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RollingStone.com: Jimi Hendrix : The 100 Greatest Guitarists of All Time : News
Rolling Stone succeeds yet again at fucking up a list. This time, The Greatest Guitarist of All Time.
I'm not going to argue with a few of the blues and jazz guys I've never heard of, because I'm sure that they're good in their own right. I only know guys like Robert Johnson and B.B. King from reputation as I'm not a blues fan. I've been a guitarist for about thirteen years and I can recognize greatness when I hear it. And yeah, it pisses me off to hear some guy kick my ass.
I want to mention a few ommisions to the list: Some personal favorites.
Nuno Bettencourt (Extreme)
Vito Bratta (White Lion)
John Petrucci (DreamTheater)
Al Di Meola
Paul Gilbert (Mr. Big)
The case for Satch and Vai should be obvious to anyone that has heard them play. In particular, from just an objective "Holy shit!" point of view, Steve Vai is one of the most awe-inspiring guitarist to ever walk the earth. I've seen the G3 tour with Satch and Vai twice and each time I am more amazed at the skill levels achieved by each on the guitar. Listening to Vai play For the Love of God live is a spiritual experience that can bring a guitar worshipper like myself to tears.
They may not be everyone's cup of tea, but they are awe-inspiring on their instruments.
Listen to: Flying in a Blue Dream by Satriani or Passion and Warfare by Vai.
Guys like Nuno and Vito may best be known for songs like More than Words, Hole Hearted or When the Children Cry but you don't get your ass kicked by these guys until you hear their other tunes that venture beyond mere sappy crap, songs like Get the Funk Out, Rest in Peace, Let's Get Crazy or Little Fighter. Say what you will about the 80's with its barrage of cheesy hair bands, there was, in that time, a real emphasis on skill when it came to guitar playing. It lead to an enormous amount of wankery, but some real talented players emerged and had a chance to capture the spotlight for a brief time until knowing how to play became a sin again.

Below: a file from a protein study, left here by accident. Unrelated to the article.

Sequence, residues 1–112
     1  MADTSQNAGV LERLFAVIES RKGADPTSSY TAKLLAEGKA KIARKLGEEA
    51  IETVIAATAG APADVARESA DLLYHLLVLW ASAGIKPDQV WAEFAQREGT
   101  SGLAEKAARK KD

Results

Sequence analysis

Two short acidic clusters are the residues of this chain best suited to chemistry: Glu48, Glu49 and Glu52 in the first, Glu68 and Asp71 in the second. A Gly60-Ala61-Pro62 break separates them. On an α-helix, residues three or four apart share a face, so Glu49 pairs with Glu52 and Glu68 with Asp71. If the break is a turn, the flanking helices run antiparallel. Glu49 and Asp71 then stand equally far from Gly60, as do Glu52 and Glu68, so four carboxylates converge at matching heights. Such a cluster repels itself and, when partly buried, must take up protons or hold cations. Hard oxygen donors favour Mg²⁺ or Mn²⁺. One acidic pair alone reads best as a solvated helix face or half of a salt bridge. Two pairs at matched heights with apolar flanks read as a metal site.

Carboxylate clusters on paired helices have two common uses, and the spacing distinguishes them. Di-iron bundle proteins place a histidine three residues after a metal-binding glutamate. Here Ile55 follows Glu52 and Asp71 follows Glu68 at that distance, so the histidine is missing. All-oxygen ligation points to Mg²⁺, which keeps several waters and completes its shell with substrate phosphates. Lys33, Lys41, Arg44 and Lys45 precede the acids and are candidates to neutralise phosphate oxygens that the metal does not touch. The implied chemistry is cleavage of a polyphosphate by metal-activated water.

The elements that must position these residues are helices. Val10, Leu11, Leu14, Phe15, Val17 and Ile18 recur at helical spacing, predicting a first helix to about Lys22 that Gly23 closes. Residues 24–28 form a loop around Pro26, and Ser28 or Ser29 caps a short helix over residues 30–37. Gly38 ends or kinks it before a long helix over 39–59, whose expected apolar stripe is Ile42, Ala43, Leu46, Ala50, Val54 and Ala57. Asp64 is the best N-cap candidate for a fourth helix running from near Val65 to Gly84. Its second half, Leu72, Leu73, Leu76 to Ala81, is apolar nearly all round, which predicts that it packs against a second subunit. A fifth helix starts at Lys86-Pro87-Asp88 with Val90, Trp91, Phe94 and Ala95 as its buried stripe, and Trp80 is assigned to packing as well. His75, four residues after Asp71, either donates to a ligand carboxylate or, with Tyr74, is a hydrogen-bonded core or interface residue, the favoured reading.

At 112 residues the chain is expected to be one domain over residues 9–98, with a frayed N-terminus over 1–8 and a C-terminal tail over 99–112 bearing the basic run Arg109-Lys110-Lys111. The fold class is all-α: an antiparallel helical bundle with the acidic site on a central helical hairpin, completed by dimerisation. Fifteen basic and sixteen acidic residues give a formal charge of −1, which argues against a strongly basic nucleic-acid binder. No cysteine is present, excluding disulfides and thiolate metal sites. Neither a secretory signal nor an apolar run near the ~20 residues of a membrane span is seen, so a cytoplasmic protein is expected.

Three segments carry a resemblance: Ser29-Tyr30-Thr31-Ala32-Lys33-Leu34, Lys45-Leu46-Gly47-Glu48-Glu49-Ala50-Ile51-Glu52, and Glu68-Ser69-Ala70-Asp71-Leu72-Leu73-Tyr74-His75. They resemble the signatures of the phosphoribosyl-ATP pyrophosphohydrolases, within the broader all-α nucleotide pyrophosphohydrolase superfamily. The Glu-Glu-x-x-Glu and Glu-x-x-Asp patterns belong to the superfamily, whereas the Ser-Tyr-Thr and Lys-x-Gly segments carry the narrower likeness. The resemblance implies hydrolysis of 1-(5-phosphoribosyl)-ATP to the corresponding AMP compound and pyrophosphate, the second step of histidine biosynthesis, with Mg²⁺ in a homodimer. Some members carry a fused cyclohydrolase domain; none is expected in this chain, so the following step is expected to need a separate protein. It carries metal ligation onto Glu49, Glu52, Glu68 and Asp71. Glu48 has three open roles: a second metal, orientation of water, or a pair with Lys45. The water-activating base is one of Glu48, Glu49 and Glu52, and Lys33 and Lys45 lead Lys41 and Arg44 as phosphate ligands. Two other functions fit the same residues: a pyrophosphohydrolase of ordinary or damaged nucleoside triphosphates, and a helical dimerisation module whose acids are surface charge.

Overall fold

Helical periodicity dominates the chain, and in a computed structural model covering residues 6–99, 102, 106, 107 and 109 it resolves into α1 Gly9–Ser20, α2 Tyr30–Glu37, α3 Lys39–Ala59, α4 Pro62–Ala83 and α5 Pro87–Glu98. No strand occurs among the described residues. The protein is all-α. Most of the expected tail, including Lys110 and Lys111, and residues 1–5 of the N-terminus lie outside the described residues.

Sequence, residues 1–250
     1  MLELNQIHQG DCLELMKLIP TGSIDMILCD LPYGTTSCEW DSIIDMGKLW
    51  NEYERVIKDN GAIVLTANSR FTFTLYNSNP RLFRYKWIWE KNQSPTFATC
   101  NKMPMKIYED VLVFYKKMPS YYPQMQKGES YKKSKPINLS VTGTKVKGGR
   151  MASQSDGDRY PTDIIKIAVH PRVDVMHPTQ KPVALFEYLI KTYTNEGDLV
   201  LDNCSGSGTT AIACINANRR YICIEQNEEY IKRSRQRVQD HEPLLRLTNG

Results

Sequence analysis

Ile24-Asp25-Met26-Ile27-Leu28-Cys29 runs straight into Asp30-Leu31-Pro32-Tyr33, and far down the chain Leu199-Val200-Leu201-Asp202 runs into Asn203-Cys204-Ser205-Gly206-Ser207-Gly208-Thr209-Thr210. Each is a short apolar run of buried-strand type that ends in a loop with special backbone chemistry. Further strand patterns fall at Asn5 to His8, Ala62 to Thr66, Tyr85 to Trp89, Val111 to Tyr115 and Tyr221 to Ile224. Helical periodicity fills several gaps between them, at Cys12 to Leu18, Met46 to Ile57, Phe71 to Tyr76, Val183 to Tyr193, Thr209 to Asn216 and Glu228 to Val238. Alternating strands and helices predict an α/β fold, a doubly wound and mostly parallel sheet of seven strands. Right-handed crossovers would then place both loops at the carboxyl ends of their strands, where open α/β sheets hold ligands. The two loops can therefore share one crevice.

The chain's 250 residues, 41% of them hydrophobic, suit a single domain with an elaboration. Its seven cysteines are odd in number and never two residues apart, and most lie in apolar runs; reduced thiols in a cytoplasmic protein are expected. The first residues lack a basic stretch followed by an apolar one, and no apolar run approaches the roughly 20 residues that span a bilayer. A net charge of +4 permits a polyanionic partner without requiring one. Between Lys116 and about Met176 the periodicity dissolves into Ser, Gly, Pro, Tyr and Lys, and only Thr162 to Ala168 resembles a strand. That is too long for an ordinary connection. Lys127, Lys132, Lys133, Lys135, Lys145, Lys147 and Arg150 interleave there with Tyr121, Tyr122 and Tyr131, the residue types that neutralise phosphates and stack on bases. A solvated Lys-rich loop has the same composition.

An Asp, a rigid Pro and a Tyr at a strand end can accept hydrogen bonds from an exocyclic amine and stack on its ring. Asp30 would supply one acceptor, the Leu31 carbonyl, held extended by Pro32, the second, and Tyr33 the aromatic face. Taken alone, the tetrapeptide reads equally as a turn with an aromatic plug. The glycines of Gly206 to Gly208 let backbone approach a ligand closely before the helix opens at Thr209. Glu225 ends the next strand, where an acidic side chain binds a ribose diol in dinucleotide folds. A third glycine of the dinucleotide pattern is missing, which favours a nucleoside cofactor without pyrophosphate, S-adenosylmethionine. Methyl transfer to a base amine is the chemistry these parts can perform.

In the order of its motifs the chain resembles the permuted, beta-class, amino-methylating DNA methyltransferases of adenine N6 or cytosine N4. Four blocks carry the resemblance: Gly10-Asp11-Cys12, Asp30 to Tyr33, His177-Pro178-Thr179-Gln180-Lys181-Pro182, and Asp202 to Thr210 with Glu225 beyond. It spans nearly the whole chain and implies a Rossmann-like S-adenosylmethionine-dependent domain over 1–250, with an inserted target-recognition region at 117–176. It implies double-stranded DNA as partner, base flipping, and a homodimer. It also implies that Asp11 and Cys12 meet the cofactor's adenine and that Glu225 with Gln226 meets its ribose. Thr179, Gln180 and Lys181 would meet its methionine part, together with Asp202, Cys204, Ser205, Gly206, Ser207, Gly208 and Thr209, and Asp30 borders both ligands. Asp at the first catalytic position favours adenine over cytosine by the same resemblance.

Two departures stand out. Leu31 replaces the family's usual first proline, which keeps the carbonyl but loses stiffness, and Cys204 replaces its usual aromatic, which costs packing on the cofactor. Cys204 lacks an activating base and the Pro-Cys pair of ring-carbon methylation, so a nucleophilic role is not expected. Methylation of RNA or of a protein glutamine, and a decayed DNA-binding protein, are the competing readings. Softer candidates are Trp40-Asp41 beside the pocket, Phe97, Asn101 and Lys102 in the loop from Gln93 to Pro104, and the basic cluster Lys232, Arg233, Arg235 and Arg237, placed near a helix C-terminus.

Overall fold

In progressive metal circles, or even amongst serious instrumentalists the names Portnoy and Petrucci of Dream Theater have the same kind of weight that maybe Lennon and McCartney have in songwriting circles. I'm still amazed at the combination of styles utilized in a solo like the one in Under a Glass Moon or the agility and stamina of Metropolis - Part 1. But I wouldn't have nearly as much respect for players like Petrucci if they were simply about speed and technique. Good players still have to have an ear for melody and the abilty to squeeze out an aching note now and then. For that listen to the first five minutes of When the Water Breaks from Liquid Tension Experiment 2 or Scarred from Awake.
Admitedly most people that write off the 80's as pure cheese couldn't find a G chord to save their lives. Its merely cultural shorthand and mental laziness to look past some real talent that emerged and was overshadowed by the need to pander to a marketing trend. But to ignore the real skill exhibited by people that spent a good amouint of time and effort learning how to play the instrument is a gross oversight, especially given the high ranking inclusion of such mediocre players like Kurt Cobain (#12) and Jack White (#17).
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Dissolve into Evergreens